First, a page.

BBC1’s fly-on-the-wall series Someone to Watch Over Me had many
strengths. By far the most important was the portrayal of social
workers as caring and compassionate and tough-minded – a welcome
antidote to the bumbling and incompetence usually shown on TV.
The reality of difficult decision-making came over clearly. None of
the Bristol social workers was a gambler, but while weighing up the
risks and benefits in their cases each feared that the next turn of
events might be their downfall.
The most powerful message was in the last of the series. One woman
was an enthusiastic hospital social worker who was on a period of
extended sick leave – the assault she had suffered from a service
user seemed to be the straw that broke the camel’s back as she
struggled to keep on top of her 30 cases. Another woman was a
front-line team manager who had resigned, realising the sheer
impossibility of keeping any kind of grip on the 300 plus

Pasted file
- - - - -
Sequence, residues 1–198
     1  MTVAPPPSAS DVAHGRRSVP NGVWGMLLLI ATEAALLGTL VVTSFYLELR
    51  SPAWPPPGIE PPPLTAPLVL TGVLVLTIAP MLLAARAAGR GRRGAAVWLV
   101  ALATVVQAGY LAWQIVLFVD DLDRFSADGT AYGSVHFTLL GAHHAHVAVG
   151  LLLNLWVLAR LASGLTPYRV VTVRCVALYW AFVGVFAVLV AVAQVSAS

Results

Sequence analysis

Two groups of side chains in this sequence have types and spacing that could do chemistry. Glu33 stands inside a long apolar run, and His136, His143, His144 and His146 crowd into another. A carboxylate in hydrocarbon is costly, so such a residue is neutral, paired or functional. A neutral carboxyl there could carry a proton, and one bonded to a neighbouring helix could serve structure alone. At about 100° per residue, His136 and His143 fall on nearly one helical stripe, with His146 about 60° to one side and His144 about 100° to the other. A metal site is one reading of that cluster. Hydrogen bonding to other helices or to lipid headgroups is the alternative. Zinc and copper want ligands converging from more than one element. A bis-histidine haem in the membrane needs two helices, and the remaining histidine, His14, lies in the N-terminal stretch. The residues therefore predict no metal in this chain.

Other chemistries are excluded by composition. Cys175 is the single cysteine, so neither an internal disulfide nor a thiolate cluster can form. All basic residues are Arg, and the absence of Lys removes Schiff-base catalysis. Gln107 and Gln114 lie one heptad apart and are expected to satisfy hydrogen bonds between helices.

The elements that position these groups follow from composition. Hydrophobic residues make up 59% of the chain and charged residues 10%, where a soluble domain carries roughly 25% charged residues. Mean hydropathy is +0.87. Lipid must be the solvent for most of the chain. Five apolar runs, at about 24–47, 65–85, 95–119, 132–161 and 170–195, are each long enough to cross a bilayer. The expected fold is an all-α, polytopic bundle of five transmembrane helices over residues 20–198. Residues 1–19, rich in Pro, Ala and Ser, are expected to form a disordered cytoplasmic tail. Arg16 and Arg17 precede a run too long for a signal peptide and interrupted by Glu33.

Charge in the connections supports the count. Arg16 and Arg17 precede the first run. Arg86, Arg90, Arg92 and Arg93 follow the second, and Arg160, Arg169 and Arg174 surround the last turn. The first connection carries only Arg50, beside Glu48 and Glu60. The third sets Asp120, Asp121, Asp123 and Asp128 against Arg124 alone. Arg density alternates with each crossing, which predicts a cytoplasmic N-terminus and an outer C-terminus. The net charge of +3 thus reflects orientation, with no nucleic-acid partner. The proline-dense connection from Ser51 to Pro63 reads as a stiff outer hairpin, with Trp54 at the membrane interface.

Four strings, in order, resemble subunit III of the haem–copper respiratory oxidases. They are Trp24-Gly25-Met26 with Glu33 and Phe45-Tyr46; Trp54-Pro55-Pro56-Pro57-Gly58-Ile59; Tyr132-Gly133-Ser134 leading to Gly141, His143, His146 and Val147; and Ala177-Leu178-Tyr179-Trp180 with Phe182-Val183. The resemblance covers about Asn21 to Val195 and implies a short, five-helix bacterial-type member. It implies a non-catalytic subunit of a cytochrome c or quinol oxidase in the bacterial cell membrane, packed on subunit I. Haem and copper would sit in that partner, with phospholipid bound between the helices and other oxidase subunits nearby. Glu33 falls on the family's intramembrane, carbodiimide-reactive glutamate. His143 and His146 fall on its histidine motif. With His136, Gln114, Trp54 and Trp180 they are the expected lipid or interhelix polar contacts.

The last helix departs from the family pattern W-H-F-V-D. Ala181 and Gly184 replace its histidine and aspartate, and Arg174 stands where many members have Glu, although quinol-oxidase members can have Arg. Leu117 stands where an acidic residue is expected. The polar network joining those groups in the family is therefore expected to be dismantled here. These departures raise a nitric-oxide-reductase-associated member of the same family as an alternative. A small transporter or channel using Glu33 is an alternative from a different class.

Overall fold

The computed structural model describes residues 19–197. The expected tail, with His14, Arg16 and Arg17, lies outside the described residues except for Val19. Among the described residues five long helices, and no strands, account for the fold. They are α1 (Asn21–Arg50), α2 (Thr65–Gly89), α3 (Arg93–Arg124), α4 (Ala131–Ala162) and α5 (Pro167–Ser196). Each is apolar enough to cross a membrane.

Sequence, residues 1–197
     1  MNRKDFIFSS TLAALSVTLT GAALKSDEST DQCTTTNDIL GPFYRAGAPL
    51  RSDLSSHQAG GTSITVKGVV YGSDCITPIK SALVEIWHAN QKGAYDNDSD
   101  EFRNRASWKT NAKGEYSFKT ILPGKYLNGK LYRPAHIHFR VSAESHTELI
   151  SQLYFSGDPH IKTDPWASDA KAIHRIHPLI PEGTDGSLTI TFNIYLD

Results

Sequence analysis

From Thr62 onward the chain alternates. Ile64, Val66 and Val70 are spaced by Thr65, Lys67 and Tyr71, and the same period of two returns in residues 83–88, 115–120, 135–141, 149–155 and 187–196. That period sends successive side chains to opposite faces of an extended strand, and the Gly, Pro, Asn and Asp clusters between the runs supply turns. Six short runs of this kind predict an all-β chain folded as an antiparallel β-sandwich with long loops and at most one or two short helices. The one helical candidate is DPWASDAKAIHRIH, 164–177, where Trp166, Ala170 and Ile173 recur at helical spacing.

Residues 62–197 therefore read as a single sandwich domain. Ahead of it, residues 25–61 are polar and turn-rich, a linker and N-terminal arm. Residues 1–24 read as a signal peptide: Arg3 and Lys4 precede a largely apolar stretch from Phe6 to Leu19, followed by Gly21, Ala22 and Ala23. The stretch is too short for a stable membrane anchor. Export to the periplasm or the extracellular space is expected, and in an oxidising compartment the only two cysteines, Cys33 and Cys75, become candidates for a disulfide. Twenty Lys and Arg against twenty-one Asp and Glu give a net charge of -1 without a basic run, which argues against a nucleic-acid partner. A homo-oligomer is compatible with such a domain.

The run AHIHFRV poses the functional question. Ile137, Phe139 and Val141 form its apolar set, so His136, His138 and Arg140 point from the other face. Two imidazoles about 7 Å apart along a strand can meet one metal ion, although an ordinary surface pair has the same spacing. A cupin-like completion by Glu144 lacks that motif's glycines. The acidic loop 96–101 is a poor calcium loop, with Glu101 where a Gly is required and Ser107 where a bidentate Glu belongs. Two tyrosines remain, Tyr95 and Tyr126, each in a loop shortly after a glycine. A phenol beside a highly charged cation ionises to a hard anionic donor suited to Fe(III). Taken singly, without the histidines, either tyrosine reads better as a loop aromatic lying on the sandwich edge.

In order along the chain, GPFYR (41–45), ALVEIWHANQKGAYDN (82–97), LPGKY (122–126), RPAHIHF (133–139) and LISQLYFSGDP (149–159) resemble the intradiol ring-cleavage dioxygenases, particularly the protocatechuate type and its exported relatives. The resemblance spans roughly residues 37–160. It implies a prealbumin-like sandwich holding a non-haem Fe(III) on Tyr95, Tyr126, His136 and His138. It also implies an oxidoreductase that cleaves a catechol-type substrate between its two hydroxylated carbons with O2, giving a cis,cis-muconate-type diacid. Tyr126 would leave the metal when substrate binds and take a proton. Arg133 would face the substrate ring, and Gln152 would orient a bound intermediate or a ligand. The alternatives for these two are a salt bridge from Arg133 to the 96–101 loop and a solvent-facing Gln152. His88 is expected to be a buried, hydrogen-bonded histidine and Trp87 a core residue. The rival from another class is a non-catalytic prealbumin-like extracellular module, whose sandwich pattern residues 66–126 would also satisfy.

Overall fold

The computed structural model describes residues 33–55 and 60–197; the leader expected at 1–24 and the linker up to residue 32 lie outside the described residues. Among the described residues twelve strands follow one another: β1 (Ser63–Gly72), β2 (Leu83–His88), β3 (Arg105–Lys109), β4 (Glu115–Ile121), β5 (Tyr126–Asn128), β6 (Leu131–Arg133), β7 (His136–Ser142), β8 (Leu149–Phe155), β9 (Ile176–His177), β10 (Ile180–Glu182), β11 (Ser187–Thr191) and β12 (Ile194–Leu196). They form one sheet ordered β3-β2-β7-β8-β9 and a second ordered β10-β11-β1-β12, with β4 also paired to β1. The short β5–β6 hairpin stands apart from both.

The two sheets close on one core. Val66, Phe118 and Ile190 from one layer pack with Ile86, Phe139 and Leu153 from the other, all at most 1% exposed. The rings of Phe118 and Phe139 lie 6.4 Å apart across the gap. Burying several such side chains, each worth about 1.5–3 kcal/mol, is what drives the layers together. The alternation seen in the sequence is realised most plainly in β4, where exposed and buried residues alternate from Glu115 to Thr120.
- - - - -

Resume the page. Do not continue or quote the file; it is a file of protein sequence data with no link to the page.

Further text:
children’s cases within her responsibility.
It would be good if Bristol social services were an exception but
sadly this isn’t the case. Social workers across the country
continue to be overstretched and poorly resourced. None of my own
staff has a caseload of 30 children – but they are under pressure.
Give me 300 children’s cases to manage, and I too will pack my
Lord Laming’s proposal to increase “the status and rewards” of
children’s work awaits implementation. This is not merely a matter
of social workers’ pay and professional recognition, important
though those are; it is about the price of protecting
While the series was being filmed last year, Lisa Arthurworrey
appealed to have her name removed from the Protection of Children
Act List. She failed. Many in the profession will have thought her
position not a million miles removed from their own, and find
abhorrent that she might be the scapegoat for the systemic problems
that the BBC portrayed.
Until children’s services are resourced adequately there will be
more preventable child fatalities, more Lisa Arthurworreys, and
certainly more of the wasteful staff turnover that we saw in
Richard Purdie is a senior care manager at Bradford